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The falcine sinus drains into the superior sagittal sinus and usually arises from the vein of Galen or the anterior part of the straight sinus, coursing through the posterior third of the falx cerebri 1-3. The name has also described an anomalous venous structure in the anterior falx that drained the inferior sagittal sinus to the superior sagittal sinus 2.
Falcine sinus is present after birth in 2-5% of individuals 2,3. In this situation, it may be referred to as persistent falcine sinus or recanalized falcine sinus, depending on the presumed etiology.
Persistent falcine sinus in adults is usually isolated, without other intracranial anomalies 2,3. However, it is also the most common venous anomaly associated with a vein of Galen aneurysmal malformation in children, particularly if the straight sinus is absent, thrombosed, or rudimentary 4. In this situation, the aneurysmally enlarged median prosencephalic vein (MPV) drains into the falcine sinus.
Recanalization of the falcine sinus occurs most commonly with tumors (mainly meningioma) compressing adjacent venous structures, followed by venous thrombosis (mainly superior sagittal and transverse sinuses) 3.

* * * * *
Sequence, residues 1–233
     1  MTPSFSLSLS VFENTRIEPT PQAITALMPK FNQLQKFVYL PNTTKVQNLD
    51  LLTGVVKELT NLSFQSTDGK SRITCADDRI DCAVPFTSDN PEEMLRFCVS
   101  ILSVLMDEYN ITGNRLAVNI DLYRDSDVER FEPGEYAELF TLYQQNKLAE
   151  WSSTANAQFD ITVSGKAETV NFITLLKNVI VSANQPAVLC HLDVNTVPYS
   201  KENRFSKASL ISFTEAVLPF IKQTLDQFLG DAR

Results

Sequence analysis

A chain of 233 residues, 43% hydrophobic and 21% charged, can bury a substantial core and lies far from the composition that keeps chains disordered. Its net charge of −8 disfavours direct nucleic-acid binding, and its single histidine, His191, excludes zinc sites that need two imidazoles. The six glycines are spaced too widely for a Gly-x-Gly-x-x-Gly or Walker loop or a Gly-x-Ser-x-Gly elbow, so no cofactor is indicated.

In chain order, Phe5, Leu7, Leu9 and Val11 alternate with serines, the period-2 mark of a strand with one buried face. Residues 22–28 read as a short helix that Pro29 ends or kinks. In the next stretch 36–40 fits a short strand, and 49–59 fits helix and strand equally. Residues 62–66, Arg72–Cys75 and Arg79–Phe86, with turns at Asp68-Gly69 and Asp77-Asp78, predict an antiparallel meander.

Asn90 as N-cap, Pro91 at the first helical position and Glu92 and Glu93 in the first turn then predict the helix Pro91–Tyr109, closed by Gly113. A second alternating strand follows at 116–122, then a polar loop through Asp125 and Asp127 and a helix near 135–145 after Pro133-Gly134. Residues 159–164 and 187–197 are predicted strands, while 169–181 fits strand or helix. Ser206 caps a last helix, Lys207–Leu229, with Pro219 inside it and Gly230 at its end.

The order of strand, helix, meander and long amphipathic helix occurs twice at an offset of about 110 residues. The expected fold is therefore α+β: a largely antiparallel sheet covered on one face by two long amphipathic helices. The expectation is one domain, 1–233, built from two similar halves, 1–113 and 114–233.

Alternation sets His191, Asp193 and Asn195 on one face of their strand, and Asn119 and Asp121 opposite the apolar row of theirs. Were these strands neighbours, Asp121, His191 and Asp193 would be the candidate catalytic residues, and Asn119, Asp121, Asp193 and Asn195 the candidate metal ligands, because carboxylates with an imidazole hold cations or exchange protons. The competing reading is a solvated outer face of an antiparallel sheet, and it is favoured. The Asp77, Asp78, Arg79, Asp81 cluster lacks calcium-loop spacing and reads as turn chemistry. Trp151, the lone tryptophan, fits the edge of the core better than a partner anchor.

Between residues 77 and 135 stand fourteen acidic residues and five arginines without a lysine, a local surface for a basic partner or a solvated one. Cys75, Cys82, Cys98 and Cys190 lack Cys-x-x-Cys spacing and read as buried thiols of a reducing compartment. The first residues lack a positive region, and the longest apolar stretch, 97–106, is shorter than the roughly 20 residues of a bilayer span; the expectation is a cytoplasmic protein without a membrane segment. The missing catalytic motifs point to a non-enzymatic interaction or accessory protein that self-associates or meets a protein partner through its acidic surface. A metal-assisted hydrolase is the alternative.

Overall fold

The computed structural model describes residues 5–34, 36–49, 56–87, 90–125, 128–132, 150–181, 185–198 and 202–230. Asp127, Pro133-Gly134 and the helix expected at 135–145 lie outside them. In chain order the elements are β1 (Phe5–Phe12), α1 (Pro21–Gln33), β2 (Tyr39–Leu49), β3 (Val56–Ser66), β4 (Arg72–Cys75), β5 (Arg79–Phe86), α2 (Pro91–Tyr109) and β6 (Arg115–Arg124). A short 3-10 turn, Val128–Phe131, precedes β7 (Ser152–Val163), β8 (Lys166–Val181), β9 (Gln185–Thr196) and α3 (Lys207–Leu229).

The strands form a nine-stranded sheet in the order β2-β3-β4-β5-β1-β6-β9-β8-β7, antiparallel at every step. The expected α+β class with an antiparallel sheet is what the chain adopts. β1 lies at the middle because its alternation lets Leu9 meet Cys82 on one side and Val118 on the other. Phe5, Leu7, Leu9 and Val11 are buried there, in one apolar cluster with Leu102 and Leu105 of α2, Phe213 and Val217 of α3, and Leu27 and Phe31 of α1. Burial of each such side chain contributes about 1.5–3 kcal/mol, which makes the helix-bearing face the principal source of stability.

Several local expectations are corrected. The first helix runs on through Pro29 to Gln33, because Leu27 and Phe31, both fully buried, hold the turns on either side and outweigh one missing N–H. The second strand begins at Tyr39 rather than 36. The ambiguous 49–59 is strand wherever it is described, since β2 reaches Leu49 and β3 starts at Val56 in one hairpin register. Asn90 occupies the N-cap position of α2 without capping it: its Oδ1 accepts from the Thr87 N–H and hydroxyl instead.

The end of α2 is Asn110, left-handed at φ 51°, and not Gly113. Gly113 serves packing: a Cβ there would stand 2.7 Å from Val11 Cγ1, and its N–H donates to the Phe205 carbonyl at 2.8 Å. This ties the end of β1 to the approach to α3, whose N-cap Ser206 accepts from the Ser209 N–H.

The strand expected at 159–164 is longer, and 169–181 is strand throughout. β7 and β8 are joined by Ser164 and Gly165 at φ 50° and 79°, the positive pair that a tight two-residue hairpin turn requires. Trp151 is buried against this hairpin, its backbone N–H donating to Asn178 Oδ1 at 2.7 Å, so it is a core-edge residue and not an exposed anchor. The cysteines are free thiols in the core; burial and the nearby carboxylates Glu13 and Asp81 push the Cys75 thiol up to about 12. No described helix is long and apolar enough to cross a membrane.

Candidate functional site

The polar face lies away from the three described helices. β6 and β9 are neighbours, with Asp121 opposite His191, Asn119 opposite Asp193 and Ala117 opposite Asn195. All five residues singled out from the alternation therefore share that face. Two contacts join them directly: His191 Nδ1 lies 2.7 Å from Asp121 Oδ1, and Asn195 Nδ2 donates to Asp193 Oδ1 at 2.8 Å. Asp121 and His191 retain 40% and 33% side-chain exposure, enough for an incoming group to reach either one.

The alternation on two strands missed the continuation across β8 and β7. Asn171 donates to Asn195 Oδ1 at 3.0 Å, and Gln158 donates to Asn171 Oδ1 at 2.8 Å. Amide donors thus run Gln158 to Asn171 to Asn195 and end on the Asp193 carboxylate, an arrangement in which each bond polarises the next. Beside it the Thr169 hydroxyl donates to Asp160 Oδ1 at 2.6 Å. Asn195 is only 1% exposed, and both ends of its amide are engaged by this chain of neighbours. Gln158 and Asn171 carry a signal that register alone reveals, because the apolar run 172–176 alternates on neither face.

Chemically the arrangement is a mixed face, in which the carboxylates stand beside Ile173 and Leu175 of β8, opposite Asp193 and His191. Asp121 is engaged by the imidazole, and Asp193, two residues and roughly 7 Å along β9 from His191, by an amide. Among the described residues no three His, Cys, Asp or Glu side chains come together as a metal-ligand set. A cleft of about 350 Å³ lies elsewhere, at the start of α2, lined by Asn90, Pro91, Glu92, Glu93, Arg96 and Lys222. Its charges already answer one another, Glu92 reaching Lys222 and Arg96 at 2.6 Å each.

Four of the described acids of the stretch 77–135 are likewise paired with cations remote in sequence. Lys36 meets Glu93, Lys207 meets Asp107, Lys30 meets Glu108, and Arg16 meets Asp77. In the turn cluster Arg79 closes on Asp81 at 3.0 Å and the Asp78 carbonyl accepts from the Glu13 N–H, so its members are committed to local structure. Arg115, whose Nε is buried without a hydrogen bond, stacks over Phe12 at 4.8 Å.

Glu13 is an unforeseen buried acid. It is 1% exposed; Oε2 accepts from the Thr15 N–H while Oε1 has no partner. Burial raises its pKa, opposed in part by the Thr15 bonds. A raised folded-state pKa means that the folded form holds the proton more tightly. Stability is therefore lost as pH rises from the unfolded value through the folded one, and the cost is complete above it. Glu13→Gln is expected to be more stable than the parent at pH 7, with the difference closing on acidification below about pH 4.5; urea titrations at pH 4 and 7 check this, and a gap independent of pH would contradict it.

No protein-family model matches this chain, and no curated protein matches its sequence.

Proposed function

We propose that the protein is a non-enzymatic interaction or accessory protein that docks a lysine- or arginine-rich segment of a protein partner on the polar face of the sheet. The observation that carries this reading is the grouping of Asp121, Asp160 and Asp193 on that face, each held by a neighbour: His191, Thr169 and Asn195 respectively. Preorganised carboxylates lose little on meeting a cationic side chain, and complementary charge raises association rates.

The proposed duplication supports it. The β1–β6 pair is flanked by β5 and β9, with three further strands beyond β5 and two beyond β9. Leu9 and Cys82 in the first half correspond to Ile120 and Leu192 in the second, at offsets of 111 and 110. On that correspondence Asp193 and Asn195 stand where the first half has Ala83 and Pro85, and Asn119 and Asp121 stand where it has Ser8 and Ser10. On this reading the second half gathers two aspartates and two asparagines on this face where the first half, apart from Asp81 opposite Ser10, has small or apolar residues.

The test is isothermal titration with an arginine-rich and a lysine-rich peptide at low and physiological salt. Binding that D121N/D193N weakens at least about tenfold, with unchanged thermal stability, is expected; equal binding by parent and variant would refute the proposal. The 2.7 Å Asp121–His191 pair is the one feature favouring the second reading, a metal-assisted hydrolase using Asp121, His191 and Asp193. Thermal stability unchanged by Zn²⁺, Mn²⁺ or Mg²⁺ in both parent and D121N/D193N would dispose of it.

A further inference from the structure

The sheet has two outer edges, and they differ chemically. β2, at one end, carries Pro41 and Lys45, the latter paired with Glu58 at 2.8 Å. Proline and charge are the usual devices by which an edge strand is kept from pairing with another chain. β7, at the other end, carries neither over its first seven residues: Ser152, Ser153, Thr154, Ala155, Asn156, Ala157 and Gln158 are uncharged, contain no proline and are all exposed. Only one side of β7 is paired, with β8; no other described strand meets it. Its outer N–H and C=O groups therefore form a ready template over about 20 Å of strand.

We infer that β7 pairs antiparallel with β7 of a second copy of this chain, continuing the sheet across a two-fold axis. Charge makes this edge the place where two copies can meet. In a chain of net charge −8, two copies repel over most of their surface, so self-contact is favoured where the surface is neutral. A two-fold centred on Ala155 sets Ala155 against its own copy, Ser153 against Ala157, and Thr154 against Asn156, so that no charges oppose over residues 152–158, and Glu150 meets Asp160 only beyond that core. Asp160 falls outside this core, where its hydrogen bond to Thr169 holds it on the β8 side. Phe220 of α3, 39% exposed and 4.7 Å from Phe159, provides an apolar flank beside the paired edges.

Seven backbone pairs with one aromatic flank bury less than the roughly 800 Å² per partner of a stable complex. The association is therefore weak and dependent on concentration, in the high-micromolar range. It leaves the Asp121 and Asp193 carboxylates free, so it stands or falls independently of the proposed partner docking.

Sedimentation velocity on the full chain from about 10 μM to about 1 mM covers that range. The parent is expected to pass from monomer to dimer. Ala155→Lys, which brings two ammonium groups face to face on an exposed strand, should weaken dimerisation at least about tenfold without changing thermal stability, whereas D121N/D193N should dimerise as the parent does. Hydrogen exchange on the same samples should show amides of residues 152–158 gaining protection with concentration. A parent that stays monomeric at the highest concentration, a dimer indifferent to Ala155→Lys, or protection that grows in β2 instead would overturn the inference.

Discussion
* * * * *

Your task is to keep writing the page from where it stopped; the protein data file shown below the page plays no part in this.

Venography (by CT, MR, or catheter-based angiography) easily demonstrates the finding on a sagittal section or lateral projection.
The caliber of falcine sinus observed after birth is highly variable, ranging from 2-17 mm (mean 7 mm) 3. The morphology of the falcine sinus has been grouped into 3 categories, in decreasing order of frequency 3:
- arch-like: curved vessel protruding towards the anterior aspect
- stick-like: straight vessel
- branch-like: bifurcating vessel
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